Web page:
That U.N. extinction report? There are real economic costs.

May 7, 2019

A million species of life on this planet are facing imminent extinction because of human activity, according to a United Nations report. That report makes clear that there are consequences — economic consequences — for humans.

Marketplace's Sabri Ben-Achour spoke to Kai Chan, professor at the Institute for Resources, Environment and Sustainability at the University of British Columbia and a lead author of that report. The following is an edited transcript of their conversation.

Sabri Ben-Achour: Can you give us a sense of the scale of what you're reporting, a sense of what lifeforms we are losing or about to lose, and how quickly this is expected to happen?

Kai Chan: We're losing species in almost every group, and it's happening at an increasing rate. Amphibians are one of the harder-hit groups of species, and corals are another. Mammals and birds are both suffering as well. So, you know, I mean, it's really across the board, and we were talking about coming up to a million species that are threatened with extinction. It's something that we really ought to be worried about.

Ben-Achour: Can you connect this extinction threat to, say, economic security?

Chan: There are definitely cases where the extinction of the species has major economic consequences. The bigger connection is through species contributions to human life support systems, right? Nature does a lot for people; we call them "ecosystem services." They clean our water, they provide clean air, they prevent flooding, they store carbon and sequester it, and they contribute to growing the food that we eat. When ecosystems are interrupted and when they're degraded, then really devastating economic impacts can occur through massive flooding, for example, or through the interruption of food supplies.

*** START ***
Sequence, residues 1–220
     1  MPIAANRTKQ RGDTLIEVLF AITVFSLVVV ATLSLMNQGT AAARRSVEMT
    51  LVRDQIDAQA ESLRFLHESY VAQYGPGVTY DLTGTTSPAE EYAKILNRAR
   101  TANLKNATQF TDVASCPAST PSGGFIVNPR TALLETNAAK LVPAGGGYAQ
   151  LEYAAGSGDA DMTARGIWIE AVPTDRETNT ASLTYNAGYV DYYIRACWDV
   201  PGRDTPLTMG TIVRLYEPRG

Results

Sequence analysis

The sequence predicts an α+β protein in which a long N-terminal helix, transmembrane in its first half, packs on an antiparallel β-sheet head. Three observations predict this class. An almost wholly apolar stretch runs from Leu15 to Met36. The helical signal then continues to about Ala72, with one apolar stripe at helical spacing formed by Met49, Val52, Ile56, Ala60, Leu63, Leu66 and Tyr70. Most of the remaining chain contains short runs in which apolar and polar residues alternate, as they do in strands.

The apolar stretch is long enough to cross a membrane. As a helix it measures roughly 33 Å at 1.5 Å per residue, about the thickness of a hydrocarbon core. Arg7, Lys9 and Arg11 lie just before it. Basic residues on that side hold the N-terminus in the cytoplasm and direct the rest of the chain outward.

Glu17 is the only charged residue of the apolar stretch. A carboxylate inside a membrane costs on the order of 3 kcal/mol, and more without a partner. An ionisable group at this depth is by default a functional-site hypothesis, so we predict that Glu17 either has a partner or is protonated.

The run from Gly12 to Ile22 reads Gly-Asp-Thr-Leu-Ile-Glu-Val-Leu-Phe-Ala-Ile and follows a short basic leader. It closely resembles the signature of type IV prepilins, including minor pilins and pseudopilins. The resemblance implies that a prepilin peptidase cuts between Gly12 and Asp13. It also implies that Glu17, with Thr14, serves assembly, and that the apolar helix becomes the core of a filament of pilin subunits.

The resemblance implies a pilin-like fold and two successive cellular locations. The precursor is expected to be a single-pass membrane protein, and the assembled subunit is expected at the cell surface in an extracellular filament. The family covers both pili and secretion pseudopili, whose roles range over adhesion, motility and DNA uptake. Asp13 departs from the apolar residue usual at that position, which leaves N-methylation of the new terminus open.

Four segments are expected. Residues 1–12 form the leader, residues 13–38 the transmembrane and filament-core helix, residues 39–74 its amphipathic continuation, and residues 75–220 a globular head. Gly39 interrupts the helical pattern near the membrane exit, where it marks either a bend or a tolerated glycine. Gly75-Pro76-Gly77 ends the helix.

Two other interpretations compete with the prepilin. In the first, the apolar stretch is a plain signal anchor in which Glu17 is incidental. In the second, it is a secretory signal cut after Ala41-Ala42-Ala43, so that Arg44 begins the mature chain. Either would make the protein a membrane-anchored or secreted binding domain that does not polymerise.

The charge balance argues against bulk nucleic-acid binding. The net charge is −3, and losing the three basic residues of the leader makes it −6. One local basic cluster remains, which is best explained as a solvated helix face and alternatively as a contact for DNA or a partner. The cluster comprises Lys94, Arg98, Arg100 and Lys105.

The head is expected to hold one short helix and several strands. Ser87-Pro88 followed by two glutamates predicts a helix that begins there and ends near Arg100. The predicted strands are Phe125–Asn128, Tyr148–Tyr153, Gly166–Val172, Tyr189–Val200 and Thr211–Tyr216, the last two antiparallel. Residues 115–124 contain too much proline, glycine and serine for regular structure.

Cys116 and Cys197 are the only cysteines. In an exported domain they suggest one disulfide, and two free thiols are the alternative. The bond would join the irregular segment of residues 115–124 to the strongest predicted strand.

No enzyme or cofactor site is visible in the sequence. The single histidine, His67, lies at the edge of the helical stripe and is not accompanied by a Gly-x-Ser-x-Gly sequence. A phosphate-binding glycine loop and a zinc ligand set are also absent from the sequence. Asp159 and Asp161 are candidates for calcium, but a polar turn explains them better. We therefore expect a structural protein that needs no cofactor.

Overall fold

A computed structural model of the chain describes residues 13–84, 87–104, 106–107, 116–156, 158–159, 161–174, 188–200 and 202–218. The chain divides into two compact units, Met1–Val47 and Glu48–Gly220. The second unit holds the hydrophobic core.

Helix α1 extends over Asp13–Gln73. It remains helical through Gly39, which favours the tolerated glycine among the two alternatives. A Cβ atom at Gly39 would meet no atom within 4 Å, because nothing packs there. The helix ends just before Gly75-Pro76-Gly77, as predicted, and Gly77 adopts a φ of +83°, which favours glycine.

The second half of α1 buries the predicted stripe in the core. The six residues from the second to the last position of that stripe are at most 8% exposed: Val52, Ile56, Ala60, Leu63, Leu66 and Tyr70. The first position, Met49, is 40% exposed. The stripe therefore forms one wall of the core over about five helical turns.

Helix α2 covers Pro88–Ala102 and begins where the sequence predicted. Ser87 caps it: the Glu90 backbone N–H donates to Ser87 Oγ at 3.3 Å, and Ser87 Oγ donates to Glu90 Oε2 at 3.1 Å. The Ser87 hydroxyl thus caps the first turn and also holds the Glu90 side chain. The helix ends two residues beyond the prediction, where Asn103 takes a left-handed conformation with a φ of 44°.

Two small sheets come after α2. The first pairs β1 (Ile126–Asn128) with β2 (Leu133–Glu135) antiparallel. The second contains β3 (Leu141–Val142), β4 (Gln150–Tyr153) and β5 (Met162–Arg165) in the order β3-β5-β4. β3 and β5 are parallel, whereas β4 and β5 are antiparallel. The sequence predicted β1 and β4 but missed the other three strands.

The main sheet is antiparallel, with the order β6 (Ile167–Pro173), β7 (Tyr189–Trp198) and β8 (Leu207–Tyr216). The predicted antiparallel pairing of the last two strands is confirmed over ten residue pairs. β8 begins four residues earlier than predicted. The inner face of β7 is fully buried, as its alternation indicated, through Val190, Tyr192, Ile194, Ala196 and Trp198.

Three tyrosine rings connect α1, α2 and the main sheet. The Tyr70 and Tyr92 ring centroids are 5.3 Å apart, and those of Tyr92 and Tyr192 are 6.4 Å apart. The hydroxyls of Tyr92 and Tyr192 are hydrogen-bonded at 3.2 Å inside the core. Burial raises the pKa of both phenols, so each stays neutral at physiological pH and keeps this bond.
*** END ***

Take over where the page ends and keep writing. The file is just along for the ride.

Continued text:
Ben-Achour: This seems to correspond well with the Fourth National Climate Assessment that the U.S. government released last year, which predicted that the U.S. economy could be 10% smaller than it otherwise would be at the end of the century if climate change continues.

Chan: We didn't do any really careful quantitative assessment of those kinds of timescales, you know, and to be perfectly honest, I'm not sure how helpful that is because there are so many factors that are going to change between now and then. The kinds of models that you use to make those kinds of projections are ones that assume incremental change. Between now and 2100, we're going to see some non-incremental change, some fundamental or what we call transformative change. And so those projections are really not worth that much.